In the 20 years since its release, Hedwig and the Angry Inch has garnered global notoriety and a dedicated fanbase with a passion that could rival that of Trekkies, Warsies and Thronies. They are called Hedheads and they profess their love by wearing yellow foam wigs, lip-syncing to Origin of Love and discussing the various plotlines on Tumblr and Reddit. Some of them have even created their own Hedwig podcasts. One of the most well-known Hedheads is Jonfen, who first saw the film when they were 17 on the recommendation of a friend. In their podcast Hedwig: Inch by Angry Inch, Jonfen dedicates 22 episodes to a fine-tooth comb exploration of the film. “It was the first time I’d ever really encountered non-binary identities, although that term is not used in the film,” Jonfen says. “I instantly clicked with this and it made a whole lot about myself make sense.”
One of Jonfen’s guests was Lucia Blayke, the founder of London Trans Pride and the director of the UK’s first LGBTQ+ strip night Harpies. She discovered Hedwig via her grandparents and notes how instrumental its story has been in her personal journey. “I think it definitely gave me a motive or approval to be punk in my transness,” she says. “Even Hedwig’s gender reassignment is inherently unconventional. I’m a trans woman, but in a messy and chaotic way. That’s where I find my brilliance, I think.”
But, as with many groundbreaking characters, Hedwig didn’t come without their problematic features. The film and the numerous global theater productions have recently been under fire for casting cis-gender men in the title role. A 2020 Australian staging was even postponed after an intense backlash, resulting in John and Stephen releasing a statement to defend their choices by explaining that Hedwig isn’t trans, because the character was coerced into surgery, rather than choosing it. If Hedwig lived today, what pronouns would they choose? “I think Hedwig would eschew pronouns,” says John. “You’re yourself, you’re a gender of one. When you’re sitting around with your friends, you don’t think about sexuality or gender. You just get on with it. And ultimately, that’s the goal [in life].”
Some, like musician, author and drag performer Tom/Crystal Rasmussen, argue that it’s the imperfections that give the film its value. “[The film] reminds me still to be bold: formally, politically, sexually, emotionally,” they say. “It serves as a reminder that boldness and failure are key elements in queer work. Assimilation or assimilatory content or work can only produce half of the picture.” They note that queerness in itself is complicated and is born out of breaking away from comfort and normality. “Hedwig is doing that for us on screen. It’s also complex because it’s a cis gay rendering of a trans experience, and in that distance lies a lot of misrepresentation. So the messiness, the punkness of the queer character is something I wish we saw more of.”
In her essay Hedwig and the Angry Inch: Trans Icon or Problematic Disaster?, writer Harmony M. Colangelo explains how some of the film’s core issues come from Hedwig’s extremely flawed character. “Representation certainly isn’t the be-all, end-all but I think the backlash towards Hedwig stems from a desire to see queer people and specifically trans people – or those perceived as trans – as a model minority,” she notes. And this is where a lot of both frustration and pride with Hedwig comes from today. While the film exists in a timeline of its own and features a universal story of accepting yourself as your other half, Hedwig and the Angry Inch is only one queer experience. Yes, it was progressive for its time in the way it dealt with queerness, but it’s important to acknowledge it was singular in its approach to race. The main characters were portrayed by white actors, with the exception of the sugar daddy who broke Hedwig’s heart.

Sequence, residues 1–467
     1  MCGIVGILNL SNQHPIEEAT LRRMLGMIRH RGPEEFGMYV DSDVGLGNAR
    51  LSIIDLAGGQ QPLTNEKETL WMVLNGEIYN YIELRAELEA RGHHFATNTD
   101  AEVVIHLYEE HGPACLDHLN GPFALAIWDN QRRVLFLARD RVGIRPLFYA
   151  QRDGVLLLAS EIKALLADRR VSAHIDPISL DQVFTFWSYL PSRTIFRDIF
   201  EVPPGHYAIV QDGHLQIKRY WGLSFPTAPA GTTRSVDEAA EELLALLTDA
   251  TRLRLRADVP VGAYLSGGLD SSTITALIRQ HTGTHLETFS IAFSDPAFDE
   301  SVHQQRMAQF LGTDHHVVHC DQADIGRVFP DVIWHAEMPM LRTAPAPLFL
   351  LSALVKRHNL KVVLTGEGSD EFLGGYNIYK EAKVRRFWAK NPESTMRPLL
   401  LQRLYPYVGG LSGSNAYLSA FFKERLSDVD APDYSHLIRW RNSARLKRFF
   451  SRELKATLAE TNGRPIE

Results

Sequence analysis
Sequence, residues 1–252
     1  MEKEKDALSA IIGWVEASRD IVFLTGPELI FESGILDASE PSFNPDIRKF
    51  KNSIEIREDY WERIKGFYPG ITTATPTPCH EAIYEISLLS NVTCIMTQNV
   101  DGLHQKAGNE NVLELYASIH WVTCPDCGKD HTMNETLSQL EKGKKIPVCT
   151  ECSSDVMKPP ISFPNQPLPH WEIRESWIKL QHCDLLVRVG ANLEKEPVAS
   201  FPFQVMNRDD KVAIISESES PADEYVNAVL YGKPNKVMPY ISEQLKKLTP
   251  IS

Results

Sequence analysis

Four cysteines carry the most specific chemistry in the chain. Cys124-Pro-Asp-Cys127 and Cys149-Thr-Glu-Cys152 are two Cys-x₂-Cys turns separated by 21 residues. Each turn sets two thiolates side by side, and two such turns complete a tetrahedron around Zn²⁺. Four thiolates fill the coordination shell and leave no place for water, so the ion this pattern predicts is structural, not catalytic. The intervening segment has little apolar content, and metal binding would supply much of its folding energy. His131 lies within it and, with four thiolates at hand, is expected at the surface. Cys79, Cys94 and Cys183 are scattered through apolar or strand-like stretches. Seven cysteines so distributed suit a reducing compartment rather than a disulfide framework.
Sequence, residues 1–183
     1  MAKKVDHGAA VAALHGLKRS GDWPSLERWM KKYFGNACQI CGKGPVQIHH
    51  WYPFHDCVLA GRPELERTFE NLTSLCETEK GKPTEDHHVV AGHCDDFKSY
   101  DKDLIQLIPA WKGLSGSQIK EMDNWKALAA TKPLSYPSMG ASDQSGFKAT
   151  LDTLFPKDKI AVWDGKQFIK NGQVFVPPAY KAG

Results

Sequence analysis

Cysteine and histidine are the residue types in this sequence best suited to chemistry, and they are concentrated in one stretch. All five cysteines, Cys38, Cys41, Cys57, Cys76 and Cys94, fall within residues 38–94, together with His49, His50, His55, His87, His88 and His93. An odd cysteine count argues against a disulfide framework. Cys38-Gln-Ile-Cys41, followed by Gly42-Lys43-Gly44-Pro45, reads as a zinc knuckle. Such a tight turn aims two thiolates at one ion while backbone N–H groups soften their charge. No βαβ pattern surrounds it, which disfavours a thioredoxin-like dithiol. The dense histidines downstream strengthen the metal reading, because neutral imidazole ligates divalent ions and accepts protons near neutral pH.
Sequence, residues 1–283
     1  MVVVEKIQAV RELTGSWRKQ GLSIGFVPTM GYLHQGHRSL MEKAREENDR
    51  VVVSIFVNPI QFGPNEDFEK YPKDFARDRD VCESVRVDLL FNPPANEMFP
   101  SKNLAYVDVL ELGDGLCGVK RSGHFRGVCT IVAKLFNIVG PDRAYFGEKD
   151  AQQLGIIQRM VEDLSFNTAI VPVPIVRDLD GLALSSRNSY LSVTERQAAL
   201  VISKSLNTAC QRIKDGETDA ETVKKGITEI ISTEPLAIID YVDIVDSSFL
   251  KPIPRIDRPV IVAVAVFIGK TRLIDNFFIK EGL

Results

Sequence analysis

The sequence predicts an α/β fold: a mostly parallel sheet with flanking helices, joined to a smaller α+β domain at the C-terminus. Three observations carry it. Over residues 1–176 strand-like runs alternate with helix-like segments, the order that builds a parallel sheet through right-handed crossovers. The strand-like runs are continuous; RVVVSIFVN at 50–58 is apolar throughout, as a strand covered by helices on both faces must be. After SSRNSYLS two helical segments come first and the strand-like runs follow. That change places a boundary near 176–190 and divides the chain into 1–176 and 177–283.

While more inclusive LGBTQIA+ storylines have surfaced in recent media, there is still a long way to go. There were zero transgender characters in the 44 major studio films released in 2020 – for the third year in a row, according to the latest annual report on inclusivity and representation in media from GLAAD, a pro-acceptance US NGO. So though highly imperfect, Hedwig’s path of consistently fighting failure remains one of the truest expressions of queerness on the silver screen. As John notes himself, television has become more progressive thanks to the opportunities of streaming, taking the torch from independent cinema that led the way in the Noughties. “It’s shows like Pose and Veneno, both contemporary series about being trans women that show us in our true reflection, for every crack and flaw,” Lucia says. “A lot of us are angry, warped people because of our trauma and pain.”
But whether you are unable to watch Hedwig and the Angry Inch like Harmony or you have seen it every day for a month like Jonfen, it’s undeniable that the film’s complex legacy feels just as poignant today as it did in 2001. Perhaps its themes feel even more important in the queer environment of 2021? As Rasmussen puts it, “So much of what we see is simply heterosexual pandering for the good of the company creating the platform so they can fill out a diversity form...I can learn more about my edges and my queerness from Hedwig than from an IKEA sofa in the colors of the non-binary flag. And very often that’s learning what’s problematic, what’s different now and why something is bad. It’s valuable.”